Throwback to the Days of Great Adventure - Starr Tours & Charters
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Great Adventure’s Safari Tours are a common snapshot in the family vacation albums of many families in the tri-state area. From 1974 – 2012, visitors to the safari park had the freedom to drive their family vehicles through the wilds and have up close and personal (at times very personal) experiences with the animals. Chances are you or someone you know has a story about the time the giraffe stuck its head through their sunroof, or the time the chimps climbed up on top of the car and stole their windshield wiper. These stories are a part of Starr’s history, too!

The motorcoach in the picture is parked in the hospitality area of Great Adventure. It’s #116, one of 6 sister coaches purchased in 1988 – with a 49 passenger capacity and onboard lavatory.

Starr ran a regular daily shuttle through Great Adventure’s safari for at least 5 years, providing up to 15 buses per day. Starr owner, Alan Glickman, dispatched the buses on the weekend when the demand was the greatest and even drove the route through the park from time to time! He often joked that the buses were going to the “Monkey Farm.”

The shuttle service began as a solution to the problem some Great Adventure customers encountered when the chimps in the safari started tearing up and eating the vinyl roofs and other parts from personal cars that drove through the park. For a small fee, customers who did not want to take the “Baboon Bypass” to spare their own fragile cars, could ride on safari shuttle buses through the park and avoid possible damage to their vehicles. We typically sent our older buses to run the Great Adventure Safari Shuttle because of the threat of damage by the animals and the off-road route they had to travel through the safari. The monkeys often tore off the bus’ wipers and ate the marker lights so we had to replace the plastic lenses with glass ones in order to stop the damage. Alan says there was other monkey business that occurred, too, but it’s “too dirty” to talk about in this post. On personal vehicles, over 100 vinyl tops were torn off daily and Alan recounts watching cars finish the safari trip with only bare grey metal left on the cars’ roofs.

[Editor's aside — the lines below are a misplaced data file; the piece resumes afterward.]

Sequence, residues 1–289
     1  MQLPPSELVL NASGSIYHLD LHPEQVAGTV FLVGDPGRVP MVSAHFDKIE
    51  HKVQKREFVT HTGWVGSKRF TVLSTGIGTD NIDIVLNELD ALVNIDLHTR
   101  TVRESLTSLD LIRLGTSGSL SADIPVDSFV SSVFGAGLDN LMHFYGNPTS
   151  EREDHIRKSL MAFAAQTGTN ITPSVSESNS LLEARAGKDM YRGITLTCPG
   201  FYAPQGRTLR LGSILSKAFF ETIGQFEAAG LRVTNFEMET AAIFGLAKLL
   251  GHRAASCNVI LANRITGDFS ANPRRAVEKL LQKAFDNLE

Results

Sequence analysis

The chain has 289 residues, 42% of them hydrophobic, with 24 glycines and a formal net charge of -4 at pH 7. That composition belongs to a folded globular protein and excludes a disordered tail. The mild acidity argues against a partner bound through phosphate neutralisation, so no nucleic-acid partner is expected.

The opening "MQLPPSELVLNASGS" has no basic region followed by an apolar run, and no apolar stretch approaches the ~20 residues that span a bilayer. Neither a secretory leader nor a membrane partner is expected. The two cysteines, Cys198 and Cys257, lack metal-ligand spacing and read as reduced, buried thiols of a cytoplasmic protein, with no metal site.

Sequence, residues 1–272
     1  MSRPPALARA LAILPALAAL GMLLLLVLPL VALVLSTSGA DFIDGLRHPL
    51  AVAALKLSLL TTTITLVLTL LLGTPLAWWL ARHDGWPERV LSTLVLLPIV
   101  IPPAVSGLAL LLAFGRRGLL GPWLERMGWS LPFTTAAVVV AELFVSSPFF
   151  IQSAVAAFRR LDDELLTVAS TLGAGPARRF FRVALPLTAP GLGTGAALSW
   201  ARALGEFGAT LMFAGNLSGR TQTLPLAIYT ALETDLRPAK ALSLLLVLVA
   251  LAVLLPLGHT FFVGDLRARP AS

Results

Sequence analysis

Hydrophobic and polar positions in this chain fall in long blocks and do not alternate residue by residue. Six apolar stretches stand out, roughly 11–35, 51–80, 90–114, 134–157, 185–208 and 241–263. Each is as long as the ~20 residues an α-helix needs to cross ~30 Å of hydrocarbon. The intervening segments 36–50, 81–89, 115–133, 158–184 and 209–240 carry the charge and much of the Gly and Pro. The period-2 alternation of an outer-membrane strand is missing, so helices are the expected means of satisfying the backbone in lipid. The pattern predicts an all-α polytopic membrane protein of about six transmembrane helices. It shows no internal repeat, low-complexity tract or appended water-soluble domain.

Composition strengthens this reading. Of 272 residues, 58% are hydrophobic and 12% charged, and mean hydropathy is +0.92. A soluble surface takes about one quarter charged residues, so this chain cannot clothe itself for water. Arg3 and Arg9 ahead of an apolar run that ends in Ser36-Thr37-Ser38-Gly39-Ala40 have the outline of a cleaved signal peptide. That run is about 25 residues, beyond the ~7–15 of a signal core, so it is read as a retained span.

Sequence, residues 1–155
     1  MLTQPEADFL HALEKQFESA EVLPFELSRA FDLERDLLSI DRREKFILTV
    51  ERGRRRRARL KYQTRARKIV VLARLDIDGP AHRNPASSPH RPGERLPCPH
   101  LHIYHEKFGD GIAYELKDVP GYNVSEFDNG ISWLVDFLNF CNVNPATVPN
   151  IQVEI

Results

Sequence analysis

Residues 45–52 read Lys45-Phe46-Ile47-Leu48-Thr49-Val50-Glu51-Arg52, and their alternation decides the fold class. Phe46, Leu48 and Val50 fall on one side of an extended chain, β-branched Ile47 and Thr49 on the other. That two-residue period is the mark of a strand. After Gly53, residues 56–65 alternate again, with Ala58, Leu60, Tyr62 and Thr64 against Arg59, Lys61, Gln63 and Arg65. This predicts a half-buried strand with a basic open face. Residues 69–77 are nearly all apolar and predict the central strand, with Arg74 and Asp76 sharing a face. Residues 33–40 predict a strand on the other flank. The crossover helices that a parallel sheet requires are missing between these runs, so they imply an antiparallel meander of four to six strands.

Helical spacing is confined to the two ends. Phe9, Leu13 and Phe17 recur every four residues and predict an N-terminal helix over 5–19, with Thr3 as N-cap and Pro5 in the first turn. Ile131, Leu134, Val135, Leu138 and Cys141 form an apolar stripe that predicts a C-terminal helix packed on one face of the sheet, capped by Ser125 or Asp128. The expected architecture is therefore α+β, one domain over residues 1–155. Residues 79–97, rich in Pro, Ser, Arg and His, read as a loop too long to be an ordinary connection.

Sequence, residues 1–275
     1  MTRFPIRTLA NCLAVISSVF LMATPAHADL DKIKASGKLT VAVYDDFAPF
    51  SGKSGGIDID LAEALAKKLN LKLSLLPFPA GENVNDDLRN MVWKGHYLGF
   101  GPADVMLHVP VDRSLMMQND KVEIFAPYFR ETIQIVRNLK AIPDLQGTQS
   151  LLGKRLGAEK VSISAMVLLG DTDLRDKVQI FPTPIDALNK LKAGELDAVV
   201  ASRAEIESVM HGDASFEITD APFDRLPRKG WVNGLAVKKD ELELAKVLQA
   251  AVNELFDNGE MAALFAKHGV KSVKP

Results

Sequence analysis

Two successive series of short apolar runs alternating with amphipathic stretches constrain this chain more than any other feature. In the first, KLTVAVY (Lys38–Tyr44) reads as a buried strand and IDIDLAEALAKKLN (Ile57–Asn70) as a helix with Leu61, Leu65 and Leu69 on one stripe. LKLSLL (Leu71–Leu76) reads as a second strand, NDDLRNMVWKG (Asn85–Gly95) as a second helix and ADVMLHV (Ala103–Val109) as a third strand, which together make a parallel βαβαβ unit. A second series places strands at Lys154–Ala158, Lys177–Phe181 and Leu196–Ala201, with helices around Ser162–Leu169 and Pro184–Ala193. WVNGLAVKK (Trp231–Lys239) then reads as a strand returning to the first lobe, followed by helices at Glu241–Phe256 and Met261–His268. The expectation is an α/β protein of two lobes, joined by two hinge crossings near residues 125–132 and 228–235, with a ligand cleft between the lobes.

Thunderstorms were another challenge as the safari tours ran rain or shine and the storms would often get the animals excited. Alan recounts that there were several lion and tiger attacks on the bus’ front tires and adds that breakdowns in the middle of the safari were an “adventure” for mechanics and drivers! Alan’s wife, Renee, recalls many a summer weekend when he would be away from home tending to his dispatch duties at the park.

When Great Adventure, now Six Flags Great Adventure, ceased allowing personal cars to ride through the safari in September of 2012, the decision was met with nostalgic regret and hopeful relief. It was the end of an era for many who fondly recalled the “great adventure” of driving through the park and making memories with their family and the animals. While for others, it was a shift in the right direction for the welfare of the animals.

Today, Six Flags still operates a safari park with the Safari Off-Road Adventure included in the price of general admission and visitors get to ride in rugged off-road vehicles specially designed for splashing through ponds, climbing hills, and over rugged terrain as they traverse the 350-acre preserve.

What’s your favorite memory of Great Adventure’s Safari? Share it in the comments section!

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